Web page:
Court of Appeal overturns football policing costs verdict
Suffolk Constabulary will have to pay for policing outside a football ground after a previous court ruling was reversed.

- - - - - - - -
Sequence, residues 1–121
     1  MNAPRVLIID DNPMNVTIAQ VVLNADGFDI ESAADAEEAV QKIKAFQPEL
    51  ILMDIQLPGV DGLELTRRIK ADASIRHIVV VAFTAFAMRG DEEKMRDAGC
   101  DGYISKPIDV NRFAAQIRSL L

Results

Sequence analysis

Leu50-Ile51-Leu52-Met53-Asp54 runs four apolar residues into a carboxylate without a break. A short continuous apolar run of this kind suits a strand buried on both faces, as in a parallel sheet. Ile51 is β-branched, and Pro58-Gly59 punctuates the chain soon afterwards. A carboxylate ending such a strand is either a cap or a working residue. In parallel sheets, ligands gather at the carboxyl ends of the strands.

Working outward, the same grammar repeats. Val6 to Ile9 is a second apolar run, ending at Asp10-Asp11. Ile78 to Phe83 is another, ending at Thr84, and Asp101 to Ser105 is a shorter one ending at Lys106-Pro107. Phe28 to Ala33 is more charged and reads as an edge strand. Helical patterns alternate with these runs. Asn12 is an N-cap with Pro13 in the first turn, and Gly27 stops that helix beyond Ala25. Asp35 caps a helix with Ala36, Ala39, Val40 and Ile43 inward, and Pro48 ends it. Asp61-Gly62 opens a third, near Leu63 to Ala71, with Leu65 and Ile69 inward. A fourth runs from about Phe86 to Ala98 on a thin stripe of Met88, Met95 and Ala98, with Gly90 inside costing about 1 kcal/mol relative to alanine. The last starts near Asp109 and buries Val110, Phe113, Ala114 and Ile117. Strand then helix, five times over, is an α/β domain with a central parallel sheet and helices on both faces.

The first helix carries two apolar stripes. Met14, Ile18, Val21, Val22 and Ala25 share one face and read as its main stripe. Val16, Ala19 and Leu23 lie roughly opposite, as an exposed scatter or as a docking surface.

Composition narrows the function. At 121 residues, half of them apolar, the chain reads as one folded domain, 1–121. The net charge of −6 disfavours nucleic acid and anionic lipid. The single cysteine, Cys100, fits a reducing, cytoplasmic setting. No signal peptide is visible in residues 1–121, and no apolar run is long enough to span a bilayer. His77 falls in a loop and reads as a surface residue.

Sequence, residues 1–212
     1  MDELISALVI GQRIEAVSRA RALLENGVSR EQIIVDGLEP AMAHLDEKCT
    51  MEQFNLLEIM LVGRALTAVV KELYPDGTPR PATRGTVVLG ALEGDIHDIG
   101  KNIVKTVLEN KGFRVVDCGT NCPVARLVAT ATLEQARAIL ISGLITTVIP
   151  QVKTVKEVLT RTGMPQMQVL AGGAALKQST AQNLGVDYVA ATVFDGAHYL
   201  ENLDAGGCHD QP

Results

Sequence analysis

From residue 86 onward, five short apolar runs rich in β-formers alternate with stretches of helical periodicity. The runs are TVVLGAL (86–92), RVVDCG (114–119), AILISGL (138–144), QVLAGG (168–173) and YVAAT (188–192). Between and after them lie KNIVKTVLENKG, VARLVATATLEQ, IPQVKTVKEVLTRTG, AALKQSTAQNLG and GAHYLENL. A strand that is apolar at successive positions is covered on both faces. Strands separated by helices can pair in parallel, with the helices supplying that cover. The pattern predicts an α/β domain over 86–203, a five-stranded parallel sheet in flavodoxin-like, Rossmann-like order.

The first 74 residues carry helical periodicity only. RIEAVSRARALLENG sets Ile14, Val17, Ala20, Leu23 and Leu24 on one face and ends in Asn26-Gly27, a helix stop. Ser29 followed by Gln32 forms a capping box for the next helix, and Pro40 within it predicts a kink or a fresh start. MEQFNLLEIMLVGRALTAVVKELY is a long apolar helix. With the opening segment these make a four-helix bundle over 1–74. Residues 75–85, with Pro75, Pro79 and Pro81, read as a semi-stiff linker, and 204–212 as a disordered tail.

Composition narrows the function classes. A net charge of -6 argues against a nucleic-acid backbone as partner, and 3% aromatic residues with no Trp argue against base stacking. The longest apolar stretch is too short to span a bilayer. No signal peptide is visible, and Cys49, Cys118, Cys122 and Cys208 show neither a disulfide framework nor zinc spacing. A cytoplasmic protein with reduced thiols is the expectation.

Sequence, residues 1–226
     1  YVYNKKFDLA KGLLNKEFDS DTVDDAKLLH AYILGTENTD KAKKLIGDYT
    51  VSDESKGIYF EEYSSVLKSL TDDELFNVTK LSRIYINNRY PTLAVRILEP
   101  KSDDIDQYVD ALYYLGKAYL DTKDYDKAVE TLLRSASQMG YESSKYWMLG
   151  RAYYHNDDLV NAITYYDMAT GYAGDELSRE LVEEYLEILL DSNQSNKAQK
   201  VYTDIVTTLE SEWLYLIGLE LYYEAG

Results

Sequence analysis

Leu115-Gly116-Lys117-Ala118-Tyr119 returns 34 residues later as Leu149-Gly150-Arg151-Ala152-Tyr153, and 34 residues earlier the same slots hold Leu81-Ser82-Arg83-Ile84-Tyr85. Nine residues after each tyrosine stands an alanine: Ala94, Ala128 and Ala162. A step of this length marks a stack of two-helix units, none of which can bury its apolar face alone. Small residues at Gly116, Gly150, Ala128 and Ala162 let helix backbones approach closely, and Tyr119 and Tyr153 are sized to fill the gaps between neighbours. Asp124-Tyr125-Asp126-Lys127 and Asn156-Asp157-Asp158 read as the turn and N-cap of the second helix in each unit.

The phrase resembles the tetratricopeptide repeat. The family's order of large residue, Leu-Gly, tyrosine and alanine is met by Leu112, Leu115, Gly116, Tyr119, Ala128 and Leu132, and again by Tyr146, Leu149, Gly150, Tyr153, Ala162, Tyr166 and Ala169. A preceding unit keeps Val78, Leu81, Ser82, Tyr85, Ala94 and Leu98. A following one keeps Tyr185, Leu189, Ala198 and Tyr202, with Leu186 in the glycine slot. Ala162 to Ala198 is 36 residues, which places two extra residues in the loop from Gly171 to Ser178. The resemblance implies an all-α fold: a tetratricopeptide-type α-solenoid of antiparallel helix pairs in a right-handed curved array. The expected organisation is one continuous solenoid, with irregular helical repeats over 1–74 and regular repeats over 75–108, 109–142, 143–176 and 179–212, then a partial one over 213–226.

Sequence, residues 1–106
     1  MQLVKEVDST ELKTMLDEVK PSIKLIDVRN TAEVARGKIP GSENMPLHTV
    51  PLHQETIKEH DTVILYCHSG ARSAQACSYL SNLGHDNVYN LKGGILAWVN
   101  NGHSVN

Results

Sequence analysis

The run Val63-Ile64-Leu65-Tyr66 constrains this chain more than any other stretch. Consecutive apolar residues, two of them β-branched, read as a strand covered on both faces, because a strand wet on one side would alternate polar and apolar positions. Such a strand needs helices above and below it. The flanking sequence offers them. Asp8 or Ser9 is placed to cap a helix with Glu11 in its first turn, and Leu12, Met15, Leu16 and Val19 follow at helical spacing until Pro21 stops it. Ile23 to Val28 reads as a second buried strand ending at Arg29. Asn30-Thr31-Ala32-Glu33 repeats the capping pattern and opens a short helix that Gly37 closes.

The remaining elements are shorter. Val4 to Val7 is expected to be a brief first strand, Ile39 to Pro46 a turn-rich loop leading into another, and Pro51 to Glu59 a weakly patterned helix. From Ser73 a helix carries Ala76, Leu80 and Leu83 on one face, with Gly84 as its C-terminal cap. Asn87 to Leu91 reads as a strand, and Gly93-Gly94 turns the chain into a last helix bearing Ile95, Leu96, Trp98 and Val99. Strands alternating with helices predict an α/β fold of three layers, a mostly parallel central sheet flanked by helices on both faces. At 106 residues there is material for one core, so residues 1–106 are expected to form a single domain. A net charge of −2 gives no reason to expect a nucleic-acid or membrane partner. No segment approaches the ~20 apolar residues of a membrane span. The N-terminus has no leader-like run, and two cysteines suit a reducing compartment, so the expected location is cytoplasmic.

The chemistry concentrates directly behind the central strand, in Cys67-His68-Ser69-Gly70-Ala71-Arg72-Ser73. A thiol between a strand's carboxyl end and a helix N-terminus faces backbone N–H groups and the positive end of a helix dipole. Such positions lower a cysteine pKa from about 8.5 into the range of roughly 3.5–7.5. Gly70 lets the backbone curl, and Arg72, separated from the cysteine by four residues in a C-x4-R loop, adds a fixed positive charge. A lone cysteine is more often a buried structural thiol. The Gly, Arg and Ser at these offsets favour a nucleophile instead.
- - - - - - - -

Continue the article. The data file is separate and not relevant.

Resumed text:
Suffolk Constabulary will have to pay for policing outside a football ground after a previous court ruling was reversed. Appeal judges have overturned the High Courts decision that the force was entitled to recover costs for policing outside Ipswich Town Football Clubs stadium. The court found the streets surrounding the Portman Road ground are publicly owned so any patrols on match days count as normal policing duties. The case has now been returned to the High Court to determine the exact amount Suffolk Constabulary will pay. The dispute focused on the cost of deployments on two streets Portman Road and Sir Alf Ramsey Way where Ipswich Town has a number of gates and turnstiles. Last year, the High Court found in favour of Suffolk Constabularys claim that whether the land was owned, leased or controlled by the club was the correct one for deciding whether it was conducting special policing services. Lawyers for the force had argued that the club owed £96,000 for policing carried out between 2008 and 2013. They added that it effectively exercises its dominion over the surrounding area on match days. However, Ipswich Town claimed it did not control the public highway and brought the case to the Court of Appeal. The court has now found the ruling should have depended on whether the land was publically or privately owned, as this answer removes the need for irrelevant enquiries. The verdict comes four years after West Yorkshire Police famously lost an appeal against Leeds United to levy charges for policing land near the clubs stadium. Lady Justice Gloster said: It is for Parliament to change the law, if it considers it appropriate to make football clubs pay for police attendance at football matches on the highway, outside the stadium or other privately owned land. A spokesperson for Ipswich Town said it will continue its close working relationship with Suffolk Constabulary.